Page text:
"Secretary Romer" doesn't have a bad ring to it--though he'll be disappointed to discover that the U.S. Department of Education's discretionary budget is much, much smaller than Ed in '08's $60-million bank account....

Liam Julian

Malcolm Gladwell, kicking-off last week's New Yorker Conference, spoke about the mismatch problem--i.e., the hiring of people based on qualities or characteristics that have little or nothing to do with what delivers success in the position being filled.

For example, Gladwell discussed how scouting combines--at which??the best college players must jump high, run fast, be strong in front of professional scouts--is a lousy predictor of athletes' eventual success.

Another profession that Gladwell thinks suffers from the mismatch problem: teaching. "So teaching is a profession that is every bit as screwed up as professional sports," he said. (He addresses teaching about halfway through his talk.)

Liam Julian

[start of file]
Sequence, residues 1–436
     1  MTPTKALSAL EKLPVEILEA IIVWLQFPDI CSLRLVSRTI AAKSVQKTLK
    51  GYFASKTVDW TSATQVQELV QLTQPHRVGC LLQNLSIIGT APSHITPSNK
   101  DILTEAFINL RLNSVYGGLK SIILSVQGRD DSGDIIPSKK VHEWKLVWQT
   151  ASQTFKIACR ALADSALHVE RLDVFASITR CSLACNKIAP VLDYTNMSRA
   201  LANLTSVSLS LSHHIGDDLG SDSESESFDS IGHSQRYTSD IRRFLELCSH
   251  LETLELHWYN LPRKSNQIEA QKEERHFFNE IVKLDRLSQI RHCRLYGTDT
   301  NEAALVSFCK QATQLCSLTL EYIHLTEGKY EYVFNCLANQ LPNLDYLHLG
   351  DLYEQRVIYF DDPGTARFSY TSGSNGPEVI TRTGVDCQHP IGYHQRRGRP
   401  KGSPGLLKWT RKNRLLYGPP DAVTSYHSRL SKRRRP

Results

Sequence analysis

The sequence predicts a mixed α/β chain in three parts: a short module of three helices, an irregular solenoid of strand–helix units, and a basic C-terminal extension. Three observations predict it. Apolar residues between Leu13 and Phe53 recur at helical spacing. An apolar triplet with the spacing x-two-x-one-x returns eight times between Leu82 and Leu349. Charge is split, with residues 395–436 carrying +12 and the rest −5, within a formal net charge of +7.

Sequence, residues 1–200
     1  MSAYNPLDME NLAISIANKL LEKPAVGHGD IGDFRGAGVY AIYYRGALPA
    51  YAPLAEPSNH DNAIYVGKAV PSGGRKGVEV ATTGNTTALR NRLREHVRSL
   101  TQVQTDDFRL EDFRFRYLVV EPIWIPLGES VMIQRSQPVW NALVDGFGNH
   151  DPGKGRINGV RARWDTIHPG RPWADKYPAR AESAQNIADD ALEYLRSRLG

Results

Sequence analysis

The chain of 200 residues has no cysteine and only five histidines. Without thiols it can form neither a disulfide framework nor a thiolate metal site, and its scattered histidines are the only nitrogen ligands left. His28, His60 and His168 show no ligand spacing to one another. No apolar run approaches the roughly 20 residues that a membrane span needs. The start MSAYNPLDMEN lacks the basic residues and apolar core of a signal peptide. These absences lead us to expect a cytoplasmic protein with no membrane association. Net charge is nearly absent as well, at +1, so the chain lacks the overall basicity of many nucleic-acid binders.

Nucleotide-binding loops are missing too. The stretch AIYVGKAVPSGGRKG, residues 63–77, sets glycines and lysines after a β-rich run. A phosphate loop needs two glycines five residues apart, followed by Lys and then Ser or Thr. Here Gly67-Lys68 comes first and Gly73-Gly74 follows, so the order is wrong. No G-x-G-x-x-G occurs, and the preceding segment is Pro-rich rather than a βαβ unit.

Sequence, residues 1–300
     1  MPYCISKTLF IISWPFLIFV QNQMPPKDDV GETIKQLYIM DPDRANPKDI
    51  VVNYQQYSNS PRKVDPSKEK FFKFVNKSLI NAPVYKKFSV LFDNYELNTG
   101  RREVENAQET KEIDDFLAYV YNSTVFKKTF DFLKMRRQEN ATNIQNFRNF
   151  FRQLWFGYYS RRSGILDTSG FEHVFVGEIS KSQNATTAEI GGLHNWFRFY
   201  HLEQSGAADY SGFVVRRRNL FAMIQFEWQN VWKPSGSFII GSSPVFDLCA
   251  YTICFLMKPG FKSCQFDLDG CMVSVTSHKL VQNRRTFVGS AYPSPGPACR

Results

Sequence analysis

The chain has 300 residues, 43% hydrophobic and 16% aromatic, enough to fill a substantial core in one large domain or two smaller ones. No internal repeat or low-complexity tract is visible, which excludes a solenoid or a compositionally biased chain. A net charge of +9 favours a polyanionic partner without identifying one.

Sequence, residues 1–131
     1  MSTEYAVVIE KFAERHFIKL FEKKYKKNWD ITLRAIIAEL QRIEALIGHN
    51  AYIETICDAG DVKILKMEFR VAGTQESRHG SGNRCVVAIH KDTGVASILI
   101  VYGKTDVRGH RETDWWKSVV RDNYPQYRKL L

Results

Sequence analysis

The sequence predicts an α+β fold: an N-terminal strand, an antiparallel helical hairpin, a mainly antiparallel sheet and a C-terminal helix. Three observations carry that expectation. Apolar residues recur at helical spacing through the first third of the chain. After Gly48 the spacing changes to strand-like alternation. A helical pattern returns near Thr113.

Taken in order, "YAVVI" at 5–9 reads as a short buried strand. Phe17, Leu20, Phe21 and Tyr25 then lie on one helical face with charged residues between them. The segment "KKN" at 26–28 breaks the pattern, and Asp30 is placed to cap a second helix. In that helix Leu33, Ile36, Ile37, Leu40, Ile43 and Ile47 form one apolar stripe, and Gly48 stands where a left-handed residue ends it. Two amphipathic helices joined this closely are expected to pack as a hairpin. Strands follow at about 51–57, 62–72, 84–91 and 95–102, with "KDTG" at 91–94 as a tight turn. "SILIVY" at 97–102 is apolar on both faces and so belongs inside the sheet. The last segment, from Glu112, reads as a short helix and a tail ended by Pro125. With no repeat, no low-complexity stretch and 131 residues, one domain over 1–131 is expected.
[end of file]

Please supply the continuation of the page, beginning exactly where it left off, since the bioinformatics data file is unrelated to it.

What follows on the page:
Flypaper does not relish the role of policing The Quick and the Ed, but that blog's latest item simply demands rebutting.

Kevin Carey comments on a piece, written by an adjunct professor, in the most recent Atlantic that supposes that perhaps pushing all students to college is a bad idea. (We commented on the article here.)??Carey writes:

One thing's for certain: this piece will be catnip for those who like to adopt the contrarian too-many-people-are-going-to-college-these-days position. This is an especially attractive stance for elitists and/or people who spend a lot of time searching for opportunities to loudly begin sentences with some variation of the phrase "I know it's not politically correct to say this, but..." as if this denotes intellectual bravery of some kind.

Why this impugning of motives, this name-calling? Beyond being trivial, beyond being unspecific, it is also logically suspect. One can (and many do) make the point that to assume everyone needs college, that jobs that don't require college??degrees are plain undesirable, is??the??elitist stance. Carey bolsters this claim when he writes:

After all, without college, what are Ms. L and her struggling classmates supposed to do? Live out the rest of their lives